During the reign of Emperor Yongzheng(雍正), a wealthy man in the capital arranged a marriage for his son. The bride’s family was also from a prestigious background, residing outside the Shahe Gate(沙河門).
As the bride rode in the bridal carriage, attendants and horses surrounded it. Passing by an ancient tomb, a fierce wind suddenly rose from the grave, swirling around the bridal carriage multiple times. The gusts of sand it raised made it impossible to keep one’s eyes open, causing pedestrians on the road to scatter. An hour later, the wind finally ceased. Soon after, the carriage arrived at the groom’s house and stopped in the hall. The bridesmaids lifted the curtain of the carriage, assisting the bride to step out. Unexpectedly, there was another bride inside the carriage, who opened the curtain herself, standing side by side with the first bride. Astonished, onlookers found it impossible to distinguish between the two brides—they wore identical clothes, makeup, and even shades of cosmetics. Thus, both brides were ushered into the inner chambers to meet the groom’s parents and relatives, who, upon seeing them, exchanged fearful glances, utterly perplexed.
The wedding proceeded. During the rituals of paying respects to heaven and earth, honoring ancestors, and greeting friends and relatives, the groom stood in the middle, with the two brides on either side. The groom, inwardly pleased, thought he was marrying one wife but ended up with a pair, much to his delight. As night fell and people dispersed, the groom retired to bed with the two brides, while the male and female servants retired to their rooms, and the elders went to sleep as well.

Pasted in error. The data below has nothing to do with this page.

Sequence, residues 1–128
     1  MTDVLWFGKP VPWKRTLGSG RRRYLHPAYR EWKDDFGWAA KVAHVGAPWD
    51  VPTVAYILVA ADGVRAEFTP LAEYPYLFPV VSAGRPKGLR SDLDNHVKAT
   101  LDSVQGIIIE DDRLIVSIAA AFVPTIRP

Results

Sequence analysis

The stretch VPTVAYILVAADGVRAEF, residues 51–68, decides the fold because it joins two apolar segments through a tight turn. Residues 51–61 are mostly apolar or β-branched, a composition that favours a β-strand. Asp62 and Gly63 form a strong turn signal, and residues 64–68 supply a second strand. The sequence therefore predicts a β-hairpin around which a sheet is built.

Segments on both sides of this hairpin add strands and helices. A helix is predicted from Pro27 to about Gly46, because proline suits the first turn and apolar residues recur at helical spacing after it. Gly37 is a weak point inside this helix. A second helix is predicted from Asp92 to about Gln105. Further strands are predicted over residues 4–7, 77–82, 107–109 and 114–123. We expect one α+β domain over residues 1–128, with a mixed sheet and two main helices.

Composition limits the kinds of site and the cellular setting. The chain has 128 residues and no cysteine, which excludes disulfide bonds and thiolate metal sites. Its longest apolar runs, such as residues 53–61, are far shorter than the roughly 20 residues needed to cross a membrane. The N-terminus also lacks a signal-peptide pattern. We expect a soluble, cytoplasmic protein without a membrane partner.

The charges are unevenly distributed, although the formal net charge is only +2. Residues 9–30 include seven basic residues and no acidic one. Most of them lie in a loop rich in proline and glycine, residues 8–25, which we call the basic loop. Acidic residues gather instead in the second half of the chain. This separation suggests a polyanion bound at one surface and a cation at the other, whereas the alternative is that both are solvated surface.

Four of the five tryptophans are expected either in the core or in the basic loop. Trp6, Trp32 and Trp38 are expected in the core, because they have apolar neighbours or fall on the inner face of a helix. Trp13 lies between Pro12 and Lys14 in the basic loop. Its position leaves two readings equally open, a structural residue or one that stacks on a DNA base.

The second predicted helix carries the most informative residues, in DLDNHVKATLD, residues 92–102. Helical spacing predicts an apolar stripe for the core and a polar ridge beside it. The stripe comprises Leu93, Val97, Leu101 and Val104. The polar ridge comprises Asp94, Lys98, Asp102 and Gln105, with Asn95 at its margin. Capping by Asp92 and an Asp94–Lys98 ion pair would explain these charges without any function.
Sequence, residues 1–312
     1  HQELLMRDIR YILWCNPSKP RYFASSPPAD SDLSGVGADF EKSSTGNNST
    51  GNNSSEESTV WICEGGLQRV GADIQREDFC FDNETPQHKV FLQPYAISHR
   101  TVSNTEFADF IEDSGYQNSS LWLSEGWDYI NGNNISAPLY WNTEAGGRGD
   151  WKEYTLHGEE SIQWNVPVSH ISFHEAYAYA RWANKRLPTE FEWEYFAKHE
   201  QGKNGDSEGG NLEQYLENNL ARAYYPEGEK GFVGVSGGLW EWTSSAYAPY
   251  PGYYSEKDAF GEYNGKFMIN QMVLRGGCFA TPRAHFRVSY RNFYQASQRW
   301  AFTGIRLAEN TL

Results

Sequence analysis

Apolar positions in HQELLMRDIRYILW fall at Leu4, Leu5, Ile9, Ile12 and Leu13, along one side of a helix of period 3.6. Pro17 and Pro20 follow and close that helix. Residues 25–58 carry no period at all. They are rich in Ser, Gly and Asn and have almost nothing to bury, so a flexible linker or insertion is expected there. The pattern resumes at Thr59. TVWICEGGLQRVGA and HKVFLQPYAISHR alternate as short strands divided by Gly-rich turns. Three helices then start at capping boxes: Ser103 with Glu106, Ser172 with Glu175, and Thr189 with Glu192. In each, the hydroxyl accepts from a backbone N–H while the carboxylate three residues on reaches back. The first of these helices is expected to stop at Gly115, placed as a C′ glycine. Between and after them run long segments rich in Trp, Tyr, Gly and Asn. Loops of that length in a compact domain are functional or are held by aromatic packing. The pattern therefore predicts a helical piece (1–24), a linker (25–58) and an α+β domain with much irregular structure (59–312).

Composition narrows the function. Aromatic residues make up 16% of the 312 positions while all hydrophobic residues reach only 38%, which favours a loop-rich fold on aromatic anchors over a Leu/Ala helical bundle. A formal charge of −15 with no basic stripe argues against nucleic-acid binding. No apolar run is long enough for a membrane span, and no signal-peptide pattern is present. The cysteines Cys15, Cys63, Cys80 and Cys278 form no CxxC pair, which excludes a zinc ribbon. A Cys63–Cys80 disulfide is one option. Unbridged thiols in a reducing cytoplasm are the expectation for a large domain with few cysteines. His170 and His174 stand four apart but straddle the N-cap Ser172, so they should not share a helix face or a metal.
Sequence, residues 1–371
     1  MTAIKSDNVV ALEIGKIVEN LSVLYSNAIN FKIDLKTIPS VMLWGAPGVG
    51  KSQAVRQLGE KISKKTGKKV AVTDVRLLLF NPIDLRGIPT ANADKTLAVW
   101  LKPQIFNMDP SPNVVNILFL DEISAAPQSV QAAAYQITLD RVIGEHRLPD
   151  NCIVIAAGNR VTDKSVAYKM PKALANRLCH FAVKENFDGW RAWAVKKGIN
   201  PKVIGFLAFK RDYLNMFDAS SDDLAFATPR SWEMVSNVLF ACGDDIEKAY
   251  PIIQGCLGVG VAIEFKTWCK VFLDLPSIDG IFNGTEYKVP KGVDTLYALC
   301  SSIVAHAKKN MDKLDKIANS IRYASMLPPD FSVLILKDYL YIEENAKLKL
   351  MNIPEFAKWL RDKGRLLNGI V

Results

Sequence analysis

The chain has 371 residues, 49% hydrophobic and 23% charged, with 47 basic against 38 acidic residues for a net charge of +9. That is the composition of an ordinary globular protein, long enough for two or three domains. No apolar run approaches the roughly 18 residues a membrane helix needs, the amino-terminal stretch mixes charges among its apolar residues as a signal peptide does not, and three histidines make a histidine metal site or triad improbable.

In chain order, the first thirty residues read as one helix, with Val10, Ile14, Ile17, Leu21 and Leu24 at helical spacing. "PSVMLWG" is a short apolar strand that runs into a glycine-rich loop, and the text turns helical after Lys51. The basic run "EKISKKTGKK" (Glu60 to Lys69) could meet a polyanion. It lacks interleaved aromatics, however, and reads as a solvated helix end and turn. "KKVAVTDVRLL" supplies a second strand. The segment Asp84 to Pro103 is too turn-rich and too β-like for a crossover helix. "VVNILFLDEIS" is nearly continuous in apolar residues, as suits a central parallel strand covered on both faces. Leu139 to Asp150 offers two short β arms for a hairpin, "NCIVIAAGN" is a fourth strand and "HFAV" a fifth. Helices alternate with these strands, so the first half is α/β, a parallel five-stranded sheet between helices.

Suddenly, a harrowing scream echoed from the bridal chamber, startling everyone inside and outside the house. They rushed in, even the children, servants, and female relatives, all throwing open their doors to investigate. Blood covered the floor; the groom had collapsed beneath the bed. On the bed, one bride lay in a pool of blood, while the other’s whereabouts were unknown. Illuminating the room with a lamp, they noticed a large bird perched on a beam, with gray-black feathers, a sharp hooked beak, and enormous claws, all snow-white. People shouted and attempted to drive the bird away, but their efforts with swords and sticks fell short of reaching the bird on the beam. As they planned to use bows and spears to kill the bird, a flapping sound ensued, and the bird flew off, its eyes gleaming like phosphorescence, darting out through the door.
The groom, having fainted, woke and recounted, “The three of us sat together for an hour, preparing to undress and sleep. The bride on my left suddenly raised her sleeve and swiped in front of my face, gouging out both my eyes. I felt a sharp pain, blacked out, and didn’t know when she turned into a bird.” When questioned, the bride said, “When the groom screamed in pain, I asked him what had happened. That woman had turned into a strange bird and pecked at my eyes, leaving me unconscious.” Eventually, after several months of treatment, the couple recovered. Their love remained strong, but the loss of their sight was a tragic and pitiable outcome.
This story was told to me by Zhang Guangji(張君廣基) of the Zhenghuang Banner(正黃旗).
It is said that places with ruins and graves, steeped in yin energy over time, transform into a type of demon bird called the “LuoShaBird(羅剎鳥)” . Resembling a large heron, this bird has the ability to transform and has a penchant for eating human eyes. It is said to belong to the same category as fierce ghosts and demons such as the Yama King(藥叉), the Asura(脩羅), and the Bili ghost(薜荔類).
Translated from 《羅剎鳥》in 《子不語》:
🎨 《秉燭夜遊》馬麟, in the Song Dynasty